Owen v. Bristol Care, Inc., No. 12-1719, --- F.3d ----, 2013 WL 57874, at *1, *4 (8th Cir. Jan. 7, 2013), involved a class action brought by a health care “administrator” against her employer under the FLSA for allegedly misclassifying her as an “exempt” employee and illegally denying her overtime pay. The defendant moved to compel individual arbitration pursuant to a class action waiver contained in a “Mandatory Arbitration Agreement” that the plaintiff had signed. Id. at *1. The district court denied the motion, and held that “[i]n the employment context, waivers of class arbitration are not permissible.” See Owen v. Bristol Care, Inc., No. 11-04258-CV-FJG, 2012 WL 1192005, at *4 (W.D. Mo. Feb. 28, 2012), citing D.R. Horton, Inc. and Michael Cuda, 357 N.L.R.B. 184 (2012) (“D.R. Horton”). The district court found that Concepcion was “not controlling” in the labor context, and that compelling arbitration here would “violate the plain language of the FLSA,” which expressly permits claimants to seek class-wide relief. 2012 WL 1192005, at *4-5, citing 29 U.S.C. § 216(b). The court concluded that “when a Plaintiff’s statutory rights are not capable of vindication through arbitration, the federal substantive law of arbitrability, grounded in the FAA, allows federal courts to declare otherwise operative arbitration clauses unenforceable.” 2012 WL 1192005, at *4. The Eighth Circuit reversed and held that “arbitration agreements containing class waivers are enforceable in FLSA cases.” 2013 WL 57874, at *4. The court concluded that the controlling authority in such cases is Gilmer, not D.R. Horton or Concepcion. Id. Gilmer involved a suit by a registered securities representative against his employer for violations of the Age Discrimination in Employment Act (“ADEA”). See 500 U.S. at 20. The Gilmer Court held that such statutory claims were arbitrable “unless Congress itself has evinced an intention to preclude a waiver of judicial remedies for the statutory rights at issue” or there is an “inherent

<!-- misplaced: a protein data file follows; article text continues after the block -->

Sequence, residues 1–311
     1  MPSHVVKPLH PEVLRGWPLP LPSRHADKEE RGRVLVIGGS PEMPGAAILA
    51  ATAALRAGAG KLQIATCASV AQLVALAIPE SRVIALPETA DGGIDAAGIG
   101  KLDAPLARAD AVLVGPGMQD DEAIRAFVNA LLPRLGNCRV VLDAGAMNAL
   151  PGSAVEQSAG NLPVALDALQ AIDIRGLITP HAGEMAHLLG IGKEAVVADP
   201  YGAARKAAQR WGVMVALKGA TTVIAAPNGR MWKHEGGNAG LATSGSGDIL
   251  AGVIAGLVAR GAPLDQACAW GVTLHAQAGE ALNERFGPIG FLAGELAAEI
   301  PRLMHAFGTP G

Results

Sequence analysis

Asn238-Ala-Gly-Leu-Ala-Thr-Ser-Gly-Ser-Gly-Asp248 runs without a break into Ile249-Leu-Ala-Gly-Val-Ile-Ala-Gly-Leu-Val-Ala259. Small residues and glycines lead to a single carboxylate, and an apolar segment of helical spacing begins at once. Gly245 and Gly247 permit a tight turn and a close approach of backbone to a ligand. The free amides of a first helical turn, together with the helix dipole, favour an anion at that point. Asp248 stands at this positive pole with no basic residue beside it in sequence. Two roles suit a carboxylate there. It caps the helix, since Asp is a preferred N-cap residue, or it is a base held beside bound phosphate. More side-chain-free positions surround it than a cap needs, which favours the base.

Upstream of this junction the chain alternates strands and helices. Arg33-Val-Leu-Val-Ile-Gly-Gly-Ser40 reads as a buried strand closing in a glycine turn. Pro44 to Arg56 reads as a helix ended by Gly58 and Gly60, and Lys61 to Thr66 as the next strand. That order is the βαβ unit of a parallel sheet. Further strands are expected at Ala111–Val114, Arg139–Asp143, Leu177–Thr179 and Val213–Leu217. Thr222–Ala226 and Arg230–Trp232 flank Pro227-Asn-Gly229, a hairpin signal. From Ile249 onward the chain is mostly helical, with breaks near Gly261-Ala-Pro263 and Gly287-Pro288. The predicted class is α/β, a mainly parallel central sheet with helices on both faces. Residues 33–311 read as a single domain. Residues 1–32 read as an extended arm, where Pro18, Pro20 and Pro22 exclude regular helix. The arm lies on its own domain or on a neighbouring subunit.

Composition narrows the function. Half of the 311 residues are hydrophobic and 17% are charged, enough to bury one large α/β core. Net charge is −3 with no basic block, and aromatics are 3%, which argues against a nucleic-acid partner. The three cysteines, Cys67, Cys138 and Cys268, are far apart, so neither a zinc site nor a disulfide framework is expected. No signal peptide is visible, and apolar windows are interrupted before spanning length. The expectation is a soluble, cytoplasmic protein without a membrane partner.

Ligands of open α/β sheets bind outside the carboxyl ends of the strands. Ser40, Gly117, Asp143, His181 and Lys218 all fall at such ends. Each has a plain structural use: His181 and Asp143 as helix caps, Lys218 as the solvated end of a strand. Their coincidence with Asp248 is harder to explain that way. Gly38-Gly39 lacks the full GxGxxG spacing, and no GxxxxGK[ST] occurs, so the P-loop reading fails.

conflict” between the statute’s underlying purpose and the FAA. Id. at 26. The Gilmer Court also noted that “[t]hroughout such an inquiry, it should be kept in mind that questions of arbitrability must be addressed with a healthy regard for the federal policy favoring arbitration.” Id. (internal quotes omitted). The Eighth Circuit concluded that Gilmer did not afford special protection for employment cases and that its holding “forecloses the argument that Supreme Court precedent upholding the enforceability of class waivers is limited to the consumer context.” 2013 WL 57874, at *4. The court also concluded that Gilmer and several cases from other circuits enforcing class action waivers in labor cases were “consistent with more than two decades of pro-arbitration Supreme Court precedent.” Id. E.
Douglass v. Johnson Real Estate Investors, LLC, 470 Fed. Appx. 823 (11th Cir. 2012) (“Douglass”), was an individual action brought by a former employee against his employer for alleged violations of the ADEA. Id. The defendant moved to compel arbitration pursuant to an arbitration provision contained in a “Mandatory Dispute Resolution Agreement” that the plaintiff had signed. Id. at 824. The district court denied the motion and the defendant appealed. Id. The Eleventh Circuit affirmed, and held that the arbitration provision was unenforceable under Massachusetts contract law because the defendant’s promise to arbitrate was “illusory.” Id. at 826. The court concluded that where one of the parties “retain[s] the right to unilaterally modify part of the integrated contract,” the promise to arbitrate is not really a promise, because the requirement to arbitrate can be removed from the contract at any time. Id. While Douglass did not involve a class action waiver, its holding is nonetheless instructive as to the effectiveness of challenges to mandatory arbitration provisions based on state common law contract principles.
CONCLUSION The cases above illustrate a clear trend among the circuit courts holding that challenges to
class action waivers in labor cases based on state law unconscionability doctrines are preempted under Concepcion. There is willingness on behalf of some circuits, however, to entertain challenges based on state common law contract principles. These trends suggest that for the time being, and unless a circuit split emerges, whether challenges to class action waivers in labor cases succeed or fail will depend largely on which of these strategies is employed.